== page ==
The third critical question is, How should the organization’s physician compensation package be structured? Just as salary levels provided by hospitals and physician groups differ, benefits provided in private practice are typically not the same as those paid by hospitals. There are a number of variables to consider.

Retirement benefits and supplemental executive retirement plans (SERPs). There is a range of options for retirement benefits in the private practice space depending on factors such as how the health system wants the retirement plan to work, the percentage of current compensation that should be directed toward retirement, the make-up of the rest of the staff, and the tax rules that apply to the organization’s retirement plans. Hospitals, on the other hand, typically do not have a great deal of flexibility in developing retirement plans for physicians. In more and more hospitals across the country, SERPs are being used to augment retirement plans. Fundamentally, SERPs are designed to supplement what the physician is expected to receive from the basic hospital plan and through Social Security.

Annual incentives and long-term incentives (LTIs). As mentioned, tying annual incentives to the success of a department or the entire organization is essential—at least for a portion of the annual incentive. However, when designing pay components, hospitals often do not build in long-term measures that complement and support their strategic plan. LTIs can be hugely beneficial to the organization and to the individual if the full board supports the decision, the right leaders are chosen to have LTIs, the goals are structured strategically, and the rewards are significant.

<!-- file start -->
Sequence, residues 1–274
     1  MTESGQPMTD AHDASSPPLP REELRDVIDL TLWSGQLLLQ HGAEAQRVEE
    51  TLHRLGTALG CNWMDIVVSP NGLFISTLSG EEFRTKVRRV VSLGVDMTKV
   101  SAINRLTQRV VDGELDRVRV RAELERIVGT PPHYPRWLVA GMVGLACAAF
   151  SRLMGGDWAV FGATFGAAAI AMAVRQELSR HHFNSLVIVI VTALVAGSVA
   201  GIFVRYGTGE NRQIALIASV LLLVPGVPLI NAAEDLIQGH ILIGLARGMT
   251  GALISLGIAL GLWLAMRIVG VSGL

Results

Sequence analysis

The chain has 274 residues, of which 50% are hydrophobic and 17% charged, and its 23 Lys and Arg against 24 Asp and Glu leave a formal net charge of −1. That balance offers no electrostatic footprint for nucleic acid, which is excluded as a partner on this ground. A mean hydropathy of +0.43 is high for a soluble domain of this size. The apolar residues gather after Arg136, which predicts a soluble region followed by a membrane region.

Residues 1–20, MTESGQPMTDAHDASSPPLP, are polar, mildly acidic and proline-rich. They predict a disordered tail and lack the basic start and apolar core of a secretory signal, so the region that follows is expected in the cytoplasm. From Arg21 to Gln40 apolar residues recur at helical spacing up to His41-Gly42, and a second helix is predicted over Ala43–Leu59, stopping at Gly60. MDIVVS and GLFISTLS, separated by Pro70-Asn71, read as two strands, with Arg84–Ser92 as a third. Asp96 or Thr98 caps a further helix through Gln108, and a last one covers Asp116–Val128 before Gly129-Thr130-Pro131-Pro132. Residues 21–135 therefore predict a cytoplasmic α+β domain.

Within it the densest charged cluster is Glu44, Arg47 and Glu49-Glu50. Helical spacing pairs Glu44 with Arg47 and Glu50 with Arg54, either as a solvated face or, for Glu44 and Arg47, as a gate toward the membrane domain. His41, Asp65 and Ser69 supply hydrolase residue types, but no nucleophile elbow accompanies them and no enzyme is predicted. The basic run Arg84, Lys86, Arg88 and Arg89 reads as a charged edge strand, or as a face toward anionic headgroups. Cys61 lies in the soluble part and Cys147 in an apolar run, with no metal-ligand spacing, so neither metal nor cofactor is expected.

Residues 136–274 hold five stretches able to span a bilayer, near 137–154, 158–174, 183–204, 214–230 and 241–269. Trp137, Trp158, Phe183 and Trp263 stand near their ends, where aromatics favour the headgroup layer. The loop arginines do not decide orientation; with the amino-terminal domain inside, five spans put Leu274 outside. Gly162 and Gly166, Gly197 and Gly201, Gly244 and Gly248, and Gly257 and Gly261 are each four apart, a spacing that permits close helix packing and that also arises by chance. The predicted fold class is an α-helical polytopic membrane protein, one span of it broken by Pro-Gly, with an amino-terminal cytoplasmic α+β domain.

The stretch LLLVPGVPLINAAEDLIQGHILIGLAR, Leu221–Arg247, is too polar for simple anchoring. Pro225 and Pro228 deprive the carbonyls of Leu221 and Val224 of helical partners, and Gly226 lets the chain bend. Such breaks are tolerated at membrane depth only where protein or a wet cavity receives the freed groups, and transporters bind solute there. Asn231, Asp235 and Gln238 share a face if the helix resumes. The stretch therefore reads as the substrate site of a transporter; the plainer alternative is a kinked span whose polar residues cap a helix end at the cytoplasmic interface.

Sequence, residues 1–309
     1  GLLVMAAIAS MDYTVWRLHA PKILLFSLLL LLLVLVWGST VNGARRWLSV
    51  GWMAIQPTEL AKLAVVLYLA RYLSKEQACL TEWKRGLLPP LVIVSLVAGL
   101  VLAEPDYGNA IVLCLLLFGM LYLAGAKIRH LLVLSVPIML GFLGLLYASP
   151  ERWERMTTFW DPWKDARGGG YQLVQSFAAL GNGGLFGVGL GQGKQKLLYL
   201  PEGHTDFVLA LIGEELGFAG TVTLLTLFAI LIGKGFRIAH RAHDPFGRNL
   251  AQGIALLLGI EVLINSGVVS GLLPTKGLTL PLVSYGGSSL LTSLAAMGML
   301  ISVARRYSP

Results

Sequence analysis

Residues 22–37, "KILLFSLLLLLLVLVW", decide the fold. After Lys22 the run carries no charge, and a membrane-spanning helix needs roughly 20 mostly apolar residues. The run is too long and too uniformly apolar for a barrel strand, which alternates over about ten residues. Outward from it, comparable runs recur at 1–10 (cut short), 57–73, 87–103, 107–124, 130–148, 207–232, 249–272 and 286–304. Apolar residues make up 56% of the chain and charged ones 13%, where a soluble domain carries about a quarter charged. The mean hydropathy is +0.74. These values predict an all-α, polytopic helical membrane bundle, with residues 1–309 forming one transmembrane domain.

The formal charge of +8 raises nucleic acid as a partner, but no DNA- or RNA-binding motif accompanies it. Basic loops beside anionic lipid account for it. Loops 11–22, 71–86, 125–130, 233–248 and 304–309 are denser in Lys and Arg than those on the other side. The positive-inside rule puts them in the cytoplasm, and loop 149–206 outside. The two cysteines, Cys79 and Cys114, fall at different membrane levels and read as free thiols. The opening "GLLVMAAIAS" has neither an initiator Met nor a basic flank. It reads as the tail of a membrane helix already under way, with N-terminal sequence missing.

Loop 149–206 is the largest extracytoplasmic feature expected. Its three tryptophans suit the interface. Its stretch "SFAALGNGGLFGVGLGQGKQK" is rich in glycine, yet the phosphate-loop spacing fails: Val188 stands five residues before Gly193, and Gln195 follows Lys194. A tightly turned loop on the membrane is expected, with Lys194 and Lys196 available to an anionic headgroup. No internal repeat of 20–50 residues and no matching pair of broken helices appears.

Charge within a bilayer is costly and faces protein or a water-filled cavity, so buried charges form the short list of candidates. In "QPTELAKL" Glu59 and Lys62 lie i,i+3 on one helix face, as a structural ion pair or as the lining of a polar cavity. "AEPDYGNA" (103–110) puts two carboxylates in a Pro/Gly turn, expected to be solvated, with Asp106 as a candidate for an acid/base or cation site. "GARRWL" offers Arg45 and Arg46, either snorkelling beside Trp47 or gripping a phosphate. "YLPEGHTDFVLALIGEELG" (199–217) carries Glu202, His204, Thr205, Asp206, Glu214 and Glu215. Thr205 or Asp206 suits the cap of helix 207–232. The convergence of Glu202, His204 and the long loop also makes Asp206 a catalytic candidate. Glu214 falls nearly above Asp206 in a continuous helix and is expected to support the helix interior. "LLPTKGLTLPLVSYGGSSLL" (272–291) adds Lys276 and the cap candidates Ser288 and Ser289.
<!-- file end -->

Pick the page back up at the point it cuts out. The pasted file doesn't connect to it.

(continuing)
Long-term disability. Group disability insurance plans vary, but most offer a modified “own occupation” definition of disability. This provides protection in the event that an illness or injury prevents the physician from working in his or her own occupation. It is imperative that appropriate policies be purchased in these disability plans so that, if an accident occurs that prevents physicians from performing their duties in their current roles, they can be compensated accordingly. In some situations, especially for physician leaders, an individual long-term disability plan may be warranted, depending on payout caps in a group plan.

Components of a Game-Winning Strategy

The benefits offered as part of a total compensation package should be scrutinized carefully. It is incumbent upon health systems to articulate the nature of benefits offered to physicians, how these benefits are structured, and why they are structured this way. Retirement benefits in particular are among the most valuable benefits an organization can offer physicians and staff. Therefore, it is imperative to cover retirement benefits in depth when discussing total reward packages.